Horrors! Hauppauge allows construction on undersized lot

Small house is big problem, Long Island neighbors say

Hauppauge neighbors are perturbed by this small house on an undersized lot. (Getty, Photo Illustration for The Real Deal)
Hauppauge neighbors are perturbed by a small house under construction on an undersized lot. (Getty, Photo Illustration for The Real Deal)

A tiny house on a little lot is causing a big to-do in Hauppauge.

Neighbors of a 1,310-square-foot home going up on South Plaisted Avenue say a variance that allowed construction on the approximately 6,000-square-foot lot is upending their lives — literally, Newsday reported.

Gail Castoro, a retired marketing underwriter who lives next door, said her fireplace mantle started to lean after construction started.

“I’m praying my foundation holds,” she said.

The property’s former landowner, William Mallon received variances from Smithtown’s appellate zoning board to build on the lot, which is about 35% smaller than zoning requires. The board also approved a 25-foot frontage reduction, planning department staffers told Newday.

Castoro said the allowance means the property’s door opens “practically on my driveway.”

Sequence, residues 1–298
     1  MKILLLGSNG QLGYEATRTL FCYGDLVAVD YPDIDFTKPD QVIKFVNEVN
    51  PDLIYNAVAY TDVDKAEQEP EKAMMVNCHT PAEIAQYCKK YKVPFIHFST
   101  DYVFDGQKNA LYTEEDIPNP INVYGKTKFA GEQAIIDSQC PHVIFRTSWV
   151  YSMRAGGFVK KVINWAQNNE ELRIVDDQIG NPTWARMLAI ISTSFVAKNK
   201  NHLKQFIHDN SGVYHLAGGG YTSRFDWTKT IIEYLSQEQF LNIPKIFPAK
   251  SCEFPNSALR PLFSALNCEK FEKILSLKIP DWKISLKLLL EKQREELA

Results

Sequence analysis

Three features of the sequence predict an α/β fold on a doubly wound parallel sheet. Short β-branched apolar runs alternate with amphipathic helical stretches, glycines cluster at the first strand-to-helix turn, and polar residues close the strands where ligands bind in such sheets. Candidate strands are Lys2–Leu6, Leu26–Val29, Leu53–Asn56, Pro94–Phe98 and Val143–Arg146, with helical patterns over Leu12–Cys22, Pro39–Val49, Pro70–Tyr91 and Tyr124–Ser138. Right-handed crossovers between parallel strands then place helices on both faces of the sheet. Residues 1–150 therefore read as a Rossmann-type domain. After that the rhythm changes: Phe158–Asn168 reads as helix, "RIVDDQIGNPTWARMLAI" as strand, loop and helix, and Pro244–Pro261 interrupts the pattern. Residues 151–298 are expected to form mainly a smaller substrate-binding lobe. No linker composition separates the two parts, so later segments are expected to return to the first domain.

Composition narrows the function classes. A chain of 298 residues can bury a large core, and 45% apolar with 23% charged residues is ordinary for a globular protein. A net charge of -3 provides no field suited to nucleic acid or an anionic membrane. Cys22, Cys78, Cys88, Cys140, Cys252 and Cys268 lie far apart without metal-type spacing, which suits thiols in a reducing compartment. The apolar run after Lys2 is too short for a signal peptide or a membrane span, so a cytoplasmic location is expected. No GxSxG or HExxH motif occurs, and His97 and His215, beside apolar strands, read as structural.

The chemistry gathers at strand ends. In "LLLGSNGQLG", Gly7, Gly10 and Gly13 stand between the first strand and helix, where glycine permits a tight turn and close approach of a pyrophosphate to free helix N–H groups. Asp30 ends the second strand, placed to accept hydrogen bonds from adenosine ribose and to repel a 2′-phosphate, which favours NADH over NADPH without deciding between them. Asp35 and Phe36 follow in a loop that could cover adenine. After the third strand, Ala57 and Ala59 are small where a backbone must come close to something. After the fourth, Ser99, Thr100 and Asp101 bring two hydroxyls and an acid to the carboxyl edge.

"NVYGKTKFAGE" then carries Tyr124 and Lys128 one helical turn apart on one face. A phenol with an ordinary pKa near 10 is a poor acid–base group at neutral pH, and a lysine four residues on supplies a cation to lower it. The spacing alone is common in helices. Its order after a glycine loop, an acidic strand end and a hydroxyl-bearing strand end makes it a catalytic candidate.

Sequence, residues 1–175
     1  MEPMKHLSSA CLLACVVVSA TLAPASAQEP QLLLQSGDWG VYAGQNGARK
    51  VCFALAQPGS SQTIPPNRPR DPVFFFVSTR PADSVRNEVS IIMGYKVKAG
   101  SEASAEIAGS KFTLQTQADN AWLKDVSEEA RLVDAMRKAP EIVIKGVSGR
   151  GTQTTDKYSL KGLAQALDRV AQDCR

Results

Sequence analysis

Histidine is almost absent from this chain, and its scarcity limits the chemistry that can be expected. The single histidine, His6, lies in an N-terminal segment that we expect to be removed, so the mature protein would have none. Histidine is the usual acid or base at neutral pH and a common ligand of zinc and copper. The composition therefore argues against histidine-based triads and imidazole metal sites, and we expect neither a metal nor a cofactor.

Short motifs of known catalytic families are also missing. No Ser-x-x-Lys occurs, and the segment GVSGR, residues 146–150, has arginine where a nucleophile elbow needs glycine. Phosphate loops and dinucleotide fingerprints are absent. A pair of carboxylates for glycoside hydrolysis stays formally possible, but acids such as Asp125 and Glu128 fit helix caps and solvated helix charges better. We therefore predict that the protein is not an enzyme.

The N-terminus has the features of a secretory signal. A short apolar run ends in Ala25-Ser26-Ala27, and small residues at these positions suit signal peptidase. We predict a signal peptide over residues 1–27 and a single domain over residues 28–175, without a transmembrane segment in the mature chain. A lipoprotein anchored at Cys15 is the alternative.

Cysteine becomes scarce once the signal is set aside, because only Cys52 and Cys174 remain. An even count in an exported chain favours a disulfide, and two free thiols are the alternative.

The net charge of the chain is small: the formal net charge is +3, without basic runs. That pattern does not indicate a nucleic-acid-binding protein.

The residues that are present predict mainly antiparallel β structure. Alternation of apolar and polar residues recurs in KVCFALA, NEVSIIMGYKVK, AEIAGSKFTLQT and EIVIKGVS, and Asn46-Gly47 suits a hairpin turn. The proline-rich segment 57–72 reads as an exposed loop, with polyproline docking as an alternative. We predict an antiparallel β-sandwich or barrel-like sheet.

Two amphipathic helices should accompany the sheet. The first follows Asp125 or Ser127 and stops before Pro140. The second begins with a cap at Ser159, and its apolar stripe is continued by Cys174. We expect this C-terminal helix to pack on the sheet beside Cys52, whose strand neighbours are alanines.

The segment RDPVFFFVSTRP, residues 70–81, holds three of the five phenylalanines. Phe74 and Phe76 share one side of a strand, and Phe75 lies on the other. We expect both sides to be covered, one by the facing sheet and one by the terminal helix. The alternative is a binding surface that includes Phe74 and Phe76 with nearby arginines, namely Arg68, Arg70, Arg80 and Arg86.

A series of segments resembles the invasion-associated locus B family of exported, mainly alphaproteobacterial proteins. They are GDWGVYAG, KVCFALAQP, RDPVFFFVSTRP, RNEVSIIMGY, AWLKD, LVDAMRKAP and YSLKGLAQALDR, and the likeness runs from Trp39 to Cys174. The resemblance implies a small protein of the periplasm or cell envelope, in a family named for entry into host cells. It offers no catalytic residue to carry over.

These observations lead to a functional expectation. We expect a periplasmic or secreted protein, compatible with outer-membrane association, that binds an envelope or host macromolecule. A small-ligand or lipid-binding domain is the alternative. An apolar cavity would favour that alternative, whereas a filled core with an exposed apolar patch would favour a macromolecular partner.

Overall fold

Read more

(Google Maps)
Smithtown would buy then shutter topless bar to "enhance" town entrance
Long Island sales reach new highs with inventory at record lows

Sign Up for the undefined Newsletter

Neighbors who maintained the lot throughout its vacancy assumed the space was legally unbuildable. Most homes in the area are at least 2,100 square feet and on plots with at least a third more land.

“I’m just very disappointed with the town that they would approve such a tiny house in such a nice, middle-class neighborhood,” said Lauren Kubernat, who lives across the street from the home.

Smithtown fields an average of 210 requests annually for residential and commercial variances. Zoning board of appeals member Tony Tanzi said the area has very little buildable land left. The dearth prompts applications from owners looking for exceptions to the rules.

Town inspectors had issued a stop work order after finding the South Plaisted Avenue home’s foundation was too high, Newsday found in town records. Builders took a week to shave off a foot of foundation, creating noise and dust, neighbors said. The stop work order was lifted April 26.

The land-use lawyer who represented Mallon last year before the town said his client went through all of the appropriate steps to get his permit approved.

“It’s not like he did anything he shouldn’t have done,” said Trimarco.

[Newsday] — Suzannah Cavanaugh